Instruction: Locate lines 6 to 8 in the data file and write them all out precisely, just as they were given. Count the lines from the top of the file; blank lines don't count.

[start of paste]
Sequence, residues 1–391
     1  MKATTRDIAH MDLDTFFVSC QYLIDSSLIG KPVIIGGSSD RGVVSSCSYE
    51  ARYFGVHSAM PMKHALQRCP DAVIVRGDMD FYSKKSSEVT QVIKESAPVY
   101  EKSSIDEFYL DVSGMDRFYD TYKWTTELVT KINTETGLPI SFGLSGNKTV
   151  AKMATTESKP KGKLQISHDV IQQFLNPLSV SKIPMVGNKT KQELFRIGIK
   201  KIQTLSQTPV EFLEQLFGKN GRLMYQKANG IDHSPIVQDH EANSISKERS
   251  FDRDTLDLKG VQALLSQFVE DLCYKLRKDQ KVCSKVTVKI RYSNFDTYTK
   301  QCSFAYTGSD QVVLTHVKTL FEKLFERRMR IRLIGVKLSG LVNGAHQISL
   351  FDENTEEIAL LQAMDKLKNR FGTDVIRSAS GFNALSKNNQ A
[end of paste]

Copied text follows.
   201  KIQTLSQTPV EFLEQLFGKN GRLMYQKANG IDHSPIVQDH EANSISKERS
   251  FDRDTLDLKG VQALLSQFVE DLCYKLRKDQ KVCSKVTVKI RYSNFDTYTK
   301  QCSFAYTGSD QVVLTHVKTL FEKLFERRMR IRLIGVKLSG LVNGAHQISL